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My name is Jason and I am a software developer in the Seattle area. For fun I like to hike, run, indoor rock climb, shoot some photos, and take advantage of the many other activities Washington state has to offer. To the right you will see my resume.

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Wednesday
Feb032010

Interview question: Palindrome detecting algorithm

This is the beginning of what I plan on making a series of posts about programming questions I’ve had during interviews over the years. This first one shows how to create an algorithm for detecting if a string contains a palindrome.

You’re first question maybe, “What’s a palindrome?” and being that you’re in the software engineering field and not an English major makes that a valid question. A quick explanation of a palindrome is that it’s a word that is spelled the same forwards and backwards like the names Bob or Hannah.

Ok. So that seems easy enough. Why would a software company ask you this question in an interview? Well, what if I told you that the string “race car” is also a palindrome. Now knowing this, you can probably begin to see the number of test cases rise and amount of logic needed to correctly handle each one. This is why it’s a good interview question. It shows them how you think and if you can correctly test your own logic.

Let’s begin by defining what this algorithm needs to be able to do.

  • Ignore non-alpha characters
  • Case insensitive character comparison
  • A single letter word like ‘I’ are a valid palindrome
  • A string that has no characters to compare is not a valid palindrome
  • Return true if the string contains a palindrome and false otherwise

Ok. Let’s get started. How do we go about doing this?

First off, we need to compare the characters in the order of first compares to last, second compares to second to last, and so on. If any of the characters don’t match while doing this, we know it’s not a palindrome. This can be done by having 2 indexes, one that starts from the beginning of the string and another from the end of the string. Each time the indexes point to a character that match, the front index is incremented and the back index is decremented. We loop through this process until the indexes meet or until we find a pair that doesn’t match.

We’re not going to worry too much about comparing the case of the characters. Most languages have a method to either force a character to upper\lower case or to do a non-case sensitive comparison. But you should bring this up to your interviewer just so he\she knows it's on your mind.

boolean IsPalindrome(String givenWord) {

   // Setting the initial index values
   int frontIndex = 0;
   int backIndex = givenWord.length() - 1;
        
   // Moving though all the characters checking for a palindrome
   while (frontIndex <= backIndex) {
            
      // Obtaining characters to compare
      char frontChar = Character.toLowerCase(givenWord.charAt(frontIndex));
      char backChar = Character.toLowerCase(givenWord.charAt(backIndex));
            
      // Do the characters match?
      if (frontChar != backChar)
         return false;
            
      // Preparing for next loop pass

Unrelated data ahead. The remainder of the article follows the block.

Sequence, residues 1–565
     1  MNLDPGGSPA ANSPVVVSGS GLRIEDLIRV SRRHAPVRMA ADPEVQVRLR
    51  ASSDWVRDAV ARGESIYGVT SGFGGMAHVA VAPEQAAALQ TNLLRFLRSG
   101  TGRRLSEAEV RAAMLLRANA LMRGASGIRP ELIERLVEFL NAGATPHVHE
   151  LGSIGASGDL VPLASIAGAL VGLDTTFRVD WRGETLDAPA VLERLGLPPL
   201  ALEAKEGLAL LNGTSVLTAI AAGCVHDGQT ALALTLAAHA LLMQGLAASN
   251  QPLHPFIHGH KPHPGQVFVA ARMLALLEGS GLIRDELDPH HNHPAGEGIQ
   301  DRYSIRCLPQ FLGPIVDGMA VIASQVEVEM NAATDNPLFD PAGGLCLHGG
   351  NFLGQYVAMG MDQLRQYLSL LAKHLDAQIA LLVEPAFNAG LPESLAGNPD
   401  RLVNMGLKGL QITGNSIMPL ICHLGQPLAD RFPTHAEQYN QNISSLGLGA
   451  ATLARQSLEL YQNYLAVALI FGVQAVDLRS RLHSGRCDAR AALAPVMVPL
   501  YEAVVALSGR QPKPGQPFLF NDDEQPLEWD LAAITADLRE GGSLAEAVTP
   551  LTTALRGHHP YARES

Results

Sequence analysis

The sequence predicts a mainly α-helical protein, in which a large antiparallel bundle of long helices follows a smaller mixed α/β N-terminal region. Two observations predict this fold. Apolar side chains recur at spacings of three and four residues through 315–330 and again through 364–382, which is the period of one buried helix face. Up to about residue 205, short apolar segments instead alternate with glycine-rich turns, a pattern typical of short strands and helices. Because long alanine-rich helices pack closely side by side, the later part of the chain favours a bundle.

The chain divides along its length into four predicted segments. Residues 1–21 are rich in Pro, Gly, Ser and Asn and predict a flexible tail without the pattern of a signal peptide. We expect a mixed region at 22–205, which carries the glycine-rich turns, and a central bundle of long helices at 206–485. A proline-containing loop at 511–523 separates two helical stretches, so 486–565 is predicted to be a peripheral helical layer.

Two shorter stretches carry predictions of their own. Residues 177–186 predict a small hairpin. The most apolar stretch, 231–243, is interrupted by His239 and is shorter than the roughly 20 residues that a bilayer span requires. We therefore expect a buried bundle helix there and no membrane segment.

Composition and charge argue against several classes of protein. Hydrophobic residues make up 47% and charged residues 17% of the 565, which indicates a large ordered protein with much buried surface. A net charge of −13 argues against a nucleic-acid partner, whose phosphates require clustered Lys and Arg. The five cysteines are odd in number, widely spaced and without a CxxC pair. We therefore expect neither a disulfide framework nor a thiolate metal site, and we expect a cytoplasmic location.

frontIndex++;
      backIndex--;
   }
  
   //  The word is a palindrome
   return true;
}

Now we have a solution that solves for our sanity cases of Bob and Hannah, but what about “race car”? What we need to do is verify that the front index and the back index point to alphabetical characters before doing the comparison. If an index does not point to a letter, we must increment\decrement it until it does. The thing we have to be aware of while doing this is that we don’t want our indexes to pass each other.

// Trying to find an alpha character by moving left to right
while (!Character.isLetter(givenWord.charAt(frontIndex)) && frontIndex < backIndex)
   frontIndex++;
char frontChar = Character.toLowerCase(givenWord.charAt(frontIndex));

// Trying to find an alpha character by moving right to left
while (!Character.isLetter(givenWord.charAt(backIndex)) && frontIndex < backIndex)
   backIndex--;
char backChar = Character.toLowerCase(givenWord.charAt(backIndex));

Things are looking pretty good, but what about the test case for a string that contains no letters like “1337”? Your first reaction would probably be to add a check after setting frontChar to verify that it’s a letter and return false if it isn’t. This is partially correct. The problem is that a string like “a7a” is a valid palindrome and adding this check alone would not allow this test case to pass. What is also needed is a way to indicate that no other alphabetical pairs have matched before returning false. Adding a Boolean value that is initially set to false can do this. When a matching character pair has been found, this value will be set to true. This way we will only return false if we come across a frontChar that is not a letter and no previous matches have been found.

// Checking to make sure the character is an alpha character and if it isn't, checking to 
// see if a previous match has been found already.
if (!Character.isLetter(frontChar) && !matchFound)
   return false;

...

// Preparing for next loop pass
frontIndex++;
backIndex--;
matchFound = true;

Great! All we need now is to put everything together, add a string is NULL and\or 0 length check at the beginning of the method, and you have a working palindrome algorithm detector.

You can view the full algorithm code here.

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